The master is furious with this account of his money. “You wicked, lazy servant!” he angrily replies, “So you knew that I harvest where I have not sown and gather where I have not scattered seed? Well then, you should have put my money on deposit with the bankers, so that when I returned I would have received it back with interest.” What happens next may be surprising to some. The master takes the one talent from the third servant and entrusts it to the second servant. “Everyone who has will be given more”, the master declares, “and whoever does not have, even what he has will be taken from him.” And with that he throws the third servant out of his presence and into the darkness.
Why was the master so angry? And why is this like the kingdom of heaven?
Of course, it's important to remember that this same God is a Good Shepherd. He makes sure the 99 sheep are safe, and then he goes out to find the lost sheep. The man was cast out, but like Adam and Eve and the Lost Sheep, God followed. God does not abandon.
“No one received more or less than he could handle." If he failed in his assignment, his excuse could not be that he was overwhelmed. Failure could come only from laziness or fear or hatred toward the master. Why do YOU fail the Master? What is holding back YOUR faith? And how do you get over that?
The talents represent any kind of resource we are given. God gives us time, gifts, and other resources according to our abilities, and He expects us to invest them wisely until he returns. We are responsible to use well what God has given us. The issue is not how much we have, but how well we use what we have.”
You have probably heard the expression, "USE IT OR LOSE IT."
That is the same as Jesus’ message in this parable. It can be hard to hear that “to those that have much, even more will be given, and to those that have nothing, even the little they have will be taken away.” The message is that God entrusts us with our talents so that we will choose to use them, not just to hide them away. Jesus warns us not to hide our light under a bushel but to shine it from on top of the highest hill.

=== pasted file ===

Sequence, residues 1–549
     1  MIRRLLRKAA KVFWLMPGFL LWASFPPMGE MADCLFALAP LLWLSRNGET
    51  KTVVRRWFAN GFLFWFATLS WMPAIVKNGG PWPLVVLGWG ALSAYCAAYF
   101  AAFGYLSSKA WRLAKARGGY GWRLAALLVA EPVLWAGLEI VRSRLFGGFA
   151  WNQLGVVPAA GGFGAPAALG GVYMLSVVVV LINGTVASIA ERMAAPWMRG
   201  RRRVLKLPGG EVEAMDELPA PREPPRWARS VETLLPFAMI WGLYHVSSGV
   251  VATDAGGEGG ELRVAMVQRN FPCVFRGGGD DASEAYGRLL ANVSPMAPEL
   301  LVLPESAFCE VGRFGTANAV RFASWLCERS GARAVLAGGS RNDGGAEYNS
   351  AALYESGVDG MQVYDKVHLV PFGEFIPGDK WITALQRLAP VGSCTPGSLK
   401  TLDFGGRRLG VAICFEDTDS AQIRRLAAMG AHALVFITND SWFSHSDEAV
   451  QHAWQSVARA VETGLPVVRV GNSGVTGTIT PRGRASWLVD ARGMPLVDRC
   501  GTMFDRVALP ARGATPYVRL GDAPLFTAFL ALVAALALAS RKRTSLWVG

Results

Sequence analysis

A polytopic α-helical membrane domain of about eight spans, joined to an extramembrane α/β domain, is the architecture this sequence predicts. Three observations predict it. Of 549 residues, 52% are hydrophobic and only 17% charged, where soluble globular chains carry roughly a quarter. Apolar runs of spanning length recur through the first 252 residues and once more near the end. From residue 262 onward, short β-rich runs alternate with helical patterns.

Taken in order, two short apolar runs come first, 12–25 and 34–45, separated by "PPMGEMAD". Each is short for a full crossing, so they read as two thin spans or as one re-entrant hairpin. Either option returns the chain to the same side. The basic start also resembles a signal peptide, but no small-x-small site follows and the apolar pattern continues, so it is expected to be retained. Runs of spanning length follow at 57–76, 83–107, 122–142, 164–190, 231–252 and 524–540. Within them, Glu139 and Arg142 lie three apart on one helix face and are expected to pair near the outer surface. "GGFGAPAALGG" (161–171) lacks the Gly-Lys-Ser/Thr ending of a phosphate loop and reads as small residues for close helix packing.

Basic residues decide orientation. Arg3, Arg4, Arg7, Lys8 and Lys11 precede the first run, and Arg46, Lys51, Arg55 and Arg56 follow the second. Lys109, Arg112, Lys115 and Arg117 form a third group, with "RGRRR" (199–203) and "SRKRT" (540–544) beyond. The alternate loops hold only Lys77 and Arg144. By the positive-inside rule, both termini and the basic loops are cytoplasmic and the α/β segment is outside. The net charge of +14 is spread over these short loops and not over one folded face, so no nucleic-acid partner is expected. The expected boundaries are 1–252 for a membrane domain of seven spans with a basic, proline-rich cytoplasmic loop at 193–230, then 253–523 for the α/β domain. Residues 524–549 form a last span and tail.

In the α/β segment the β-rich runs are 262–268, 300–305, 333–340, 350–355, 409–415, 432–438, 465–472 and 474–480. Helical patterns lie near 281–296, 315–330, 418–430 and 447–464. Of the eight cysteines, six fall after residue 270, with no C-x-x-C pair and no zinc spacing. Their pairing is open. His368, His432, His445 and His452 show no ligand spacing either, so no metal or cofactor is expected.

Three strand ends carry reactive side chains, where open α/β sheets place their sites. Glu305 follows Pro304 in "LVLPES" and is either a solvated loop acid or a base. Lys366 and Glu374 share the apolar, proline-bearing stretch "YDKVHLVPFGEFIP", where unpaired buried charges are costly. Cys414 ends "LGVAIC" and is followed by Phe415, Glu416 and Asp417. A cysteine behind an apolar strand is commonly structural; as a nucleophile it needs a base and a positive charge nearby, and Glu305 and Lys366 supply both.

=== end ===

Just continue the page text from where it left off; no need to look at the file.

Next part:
God SAVES US. God FORGIVES US. But the parable also says that GOD WILL HELP US according to how well we respond to what he has given us. Using our Talents is about RESPONDING to what the Master has given us.
It's okay to think about "talents" as "honesty" or "can kick a ball really good". But what are the gifts GOD GIVES? (Paul's fruits of the spirit come to mind.)
Now imagine the gift was salvation, ...how do some people BURY the gift of salvation? How can you take salvation and invest/spread it around?
Imagine the gift was forgiveness, ...how do you INVEST a talent for forgiveness in the world?
Even ONE Talent was far more than a person needed to be considered rich.
What would it mean to have FIVE talents of forgiveness? Ten!
“He saved us, not because of righteous things we had done, but because of His mercy. He saved us through the washing of rebirth and renewal by the Holy Spirit, whom He poured out on us generously through Jesus Christ our Savior, so that having been saved by His grace, we become his children living in the hope of eternal life.” Titus 3:5-7
Parts of this background are adapted from the ‘Parable of the Talents Rotation Lesson Set’ from Bedford Presbyterian Church, Bedford, NY, The Life Application Bible, Tyndale House Publishing and The Student Bible, Zondervan Pub.)
A representative of Rotation.org reformatted this post to improve readability.